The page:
Wednesday 6 March 2019

Bloomberg's army

Last year, Mike Bloomberg gave $20 million to the Bath University's Tobacco Control Research Group (TCRG) to create 'a brand new global tobacco industry watchdog called Stopping Tobacco Organizations and Products, or STOP.' It was a tit for tat move after Philip Morris gave $1 billion (over 12 years) to the Foundation for a Smokefree World.

The TCRG is run by comedy legend Anna Gilmore. It is one of the UK's last hold-outs against vaping and is best known for creating a low quality pseudo-wiki which smears anyone with whom they disagree as as an ally of the tobacco industry. Their newfound wealth will allow them to finally employ some fact checkers, and there will be plenty left over to spend on other projects.

What will they do with the cash? Bath University is an academic institution. The TCRG sits within the university's Department of Health and has the word 'research' in its title. An organisation called Stopping Tobacco Organizations and Products doesn't sound like an academic group. It sounds like a campaign group - and so it is - therefore the challenge for Gilmore et al. will be for them to portray their crusade against vaping and tobacco harm reduction as (a) educational, and (b) pro-health.

It will be interesting to see how they square that circle, but you can expect to hear a lot from in the next couple of years because they are splashing some of the cash on a big recruitment drive.

The Bloomberg funding over three years is huge news and is going to grow the Tobacco Research Group from a team of nine to around 35, it’s amazing. 

So said Jo Cranwell in a recent interview. You may recall Cranwell from Monday's post in which she described the reality TV show Geordie Shore as a 'risk factor' for binge-drinking. An avid television viewer, she has published numerous studies complaining about smoking and drinking in TV programmes. She has found smoking in Love Island, 'inferred alcohol use' in Geordie Shore and has complained about tobacco use in films, alcohol consumption in music videos, and alcohol and tobacco content in music videos. Gilmore has managed to snap up this talent before she wins her first Nobel Prize.

Fromher  interview, we learn that Cranwell worked as a reflexologist before running her own flooring business and then doing a PhD in whatever subject you have to do to call yourself a professor of public health these days. When asked which superpower she would like to have, she replies...

I’m really nosey and interfere with people’s business all the time, so probably invisibility so I could listen in on everyone’s conversations.

This makes her ideally qualified for a job in tobacco control where most of the work involves going through the Twitter feed of people you don't like and reading decades-old industry memos.

I’ve just taken my research on tobacco marketing, and that of colleagues around the world, to report on tobacco in entertainment media to World Health Organisation.

She's never published anything about tobacco marketing. She means people using tobacco on television and in films. She often gets these two mixed up.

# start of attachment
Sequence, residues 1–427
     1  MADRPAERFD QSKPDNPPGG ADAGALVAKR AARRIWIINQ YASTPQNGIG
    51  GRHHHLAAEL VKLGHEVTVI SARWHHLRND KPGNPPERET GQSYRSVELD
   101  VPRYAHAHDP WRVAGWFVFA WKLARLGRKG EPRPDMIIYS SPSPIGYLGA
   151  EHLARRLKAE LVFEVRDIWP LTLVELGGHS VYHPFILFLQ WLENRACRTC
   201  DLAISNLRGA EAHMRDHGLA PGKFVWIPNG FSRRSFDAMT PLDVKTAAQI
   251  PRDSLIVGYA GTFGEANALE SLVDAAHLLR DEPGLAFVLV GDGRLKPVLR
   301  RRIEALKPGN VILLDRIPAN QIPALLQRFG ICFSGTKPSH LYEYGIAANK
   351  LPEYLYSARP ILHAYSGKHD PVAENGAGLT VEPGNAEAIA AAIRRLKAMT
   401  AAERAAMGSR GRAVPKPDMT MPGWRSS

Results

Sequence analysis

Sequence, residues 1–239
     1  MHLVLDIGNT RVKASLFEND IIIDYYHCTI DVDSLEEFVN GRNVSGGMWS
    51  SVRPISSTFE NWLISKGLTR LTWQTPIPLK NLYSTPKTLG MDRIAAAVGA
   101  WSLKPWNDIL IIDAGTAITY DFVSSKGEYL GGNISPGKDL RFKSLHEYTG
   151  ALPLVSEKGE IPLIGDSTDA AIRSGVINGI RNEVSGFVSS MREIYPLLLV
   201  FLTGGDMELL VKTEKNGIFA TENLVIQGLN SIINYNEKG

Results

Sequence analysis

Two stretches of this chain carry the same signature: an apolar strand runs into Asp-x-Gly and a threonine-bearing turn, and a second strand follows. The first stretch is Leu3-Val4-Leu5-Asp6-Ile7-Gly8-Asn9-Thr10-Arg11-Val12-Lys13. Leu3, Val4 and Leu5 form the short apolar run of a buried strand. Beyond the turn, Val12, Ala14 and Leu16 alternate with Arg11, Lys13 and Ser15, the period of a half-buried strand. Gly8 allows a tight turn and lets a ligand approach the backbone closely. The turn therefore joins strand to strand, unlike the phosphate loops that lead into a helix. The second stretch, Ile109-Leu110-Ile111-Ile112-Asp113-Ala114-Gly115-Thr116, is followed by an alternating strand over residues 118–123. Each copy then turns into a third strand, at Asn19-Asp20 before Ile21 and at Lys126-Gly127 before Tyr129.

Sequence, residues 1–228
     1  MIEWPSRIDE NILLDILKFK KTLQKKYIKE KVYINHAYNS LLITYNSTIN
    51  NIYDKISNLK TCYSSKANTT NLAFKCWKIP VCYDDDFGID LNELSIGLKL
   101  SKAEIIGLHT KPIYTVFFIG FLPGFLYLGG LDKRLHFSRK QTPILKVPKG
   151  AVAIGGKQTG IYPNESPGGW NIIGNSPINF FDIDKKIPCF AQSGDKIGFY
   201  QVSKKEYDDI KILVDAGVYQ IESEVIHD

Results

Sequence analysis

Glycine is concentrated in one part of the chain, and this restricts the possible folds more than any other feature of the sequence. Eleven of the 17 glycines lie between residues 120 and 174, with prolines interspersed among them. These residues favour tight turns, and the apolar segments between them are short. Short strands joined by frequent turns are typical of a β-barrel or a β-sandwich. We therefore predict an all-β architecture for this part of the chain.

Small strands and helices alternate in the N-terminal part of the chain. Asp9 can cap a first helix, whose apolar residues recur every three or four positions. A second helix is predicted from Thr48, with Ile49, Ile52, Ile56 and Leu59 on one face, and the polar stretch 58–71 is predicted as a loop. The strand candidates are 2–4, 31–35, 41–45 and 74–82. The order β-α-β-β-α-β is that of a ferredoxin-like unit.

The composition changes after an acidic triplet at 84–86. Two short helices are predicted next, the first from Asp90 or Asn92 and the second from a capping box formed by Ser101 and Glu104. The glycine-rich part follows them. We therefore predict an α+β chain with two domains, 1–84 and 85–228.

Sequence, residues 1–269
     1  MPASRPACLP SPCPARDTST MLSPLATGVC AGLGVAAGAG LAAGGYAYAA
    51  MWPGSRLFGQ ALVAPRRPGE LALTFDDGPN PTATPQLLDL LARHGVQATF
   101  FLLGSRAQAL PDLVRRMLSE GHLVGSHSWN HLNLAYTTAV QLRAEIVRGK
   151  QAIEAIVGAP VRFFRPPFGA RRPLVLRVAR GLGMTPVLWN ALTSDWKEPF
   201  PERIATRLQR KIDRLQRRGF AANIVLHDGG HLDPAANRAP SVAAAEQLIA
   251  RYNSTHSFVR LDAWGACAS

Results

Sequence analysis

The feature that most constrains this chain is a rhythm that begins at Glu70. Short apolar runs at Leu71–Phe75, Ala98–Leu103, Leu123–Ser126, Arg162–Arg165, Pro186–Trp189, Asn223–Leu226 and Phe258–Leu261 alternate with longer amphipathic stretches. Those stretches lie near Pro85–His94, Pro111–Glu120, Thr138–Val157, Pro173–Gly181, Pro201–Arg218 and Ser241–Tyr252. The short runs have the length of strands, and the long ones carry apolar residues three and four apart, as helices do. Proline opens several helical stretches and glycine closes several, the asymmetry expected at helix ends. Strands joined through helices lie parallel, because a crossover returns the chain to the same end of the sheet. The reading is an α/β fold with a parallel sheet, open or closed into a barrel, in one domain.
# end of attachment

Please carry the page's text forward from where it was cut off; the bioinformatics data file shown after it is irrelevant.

I want them to sign up to a revised section of the Framework Convention for Tobacco Control that puts measures in place to limit the exposure of children to tobacco advertising.

The Framework Convention for Tobacco Control already includes a full ban on tobacco advertising. Again, she means people smoking on TV and in films.

In Western countries we may well focus on social media and how vaping is being promoted and used as a marketing tool by the big tobacco companies.

Presumably she means 'how big tobacco companies market and promote vaping'. Vaping being 'used as a marketing tool' makes no sense, unless she thinks that vaping is being used to market tobacco which, come to think of it, is probably exactly what her 'research' will conclude.

My work also includes alcohol and I’d like to develop this area of research further too, perhaps setting up my own related research group.  

Very wise. It's unlikely that the anti-vaping money will dry up any time soon but it makes sense to cover as many bases as possible to be on the safe side.

Speaking of which, another gravy train is rolling into the city of Bath on tomorrow...

The University of Bath Postgraduate Group Bath Science in Policy is very pleased to co-host a lunchtime seminar with The University of Bath’s Tobacco Control Research Group. Our visiting speaker, Dr. Mélissa Mialon from the University of Sao Paulo, will present her research on The influence of the ultra-processed food and beverage industries on public policies and public opinion.

Speaker profile: Dr Mélissa Mialon is a food engineer with training in public health nutrition. She is currently a research fellow at the University of Sao Paulo in Brazil. In her research, she has adapted methods used in the field of tobacco control research to identify and monitor the influence of the ultra-processed food and beverage industry on public policies and public opinion.

I'm calling it now: the Tobacco Control Research Group will be called the Tobacco, Alcohol and Obesity Control Research Group within five years.

Now that these people have a billionaire sugar daddy, can we taxpayers stop funding them please?

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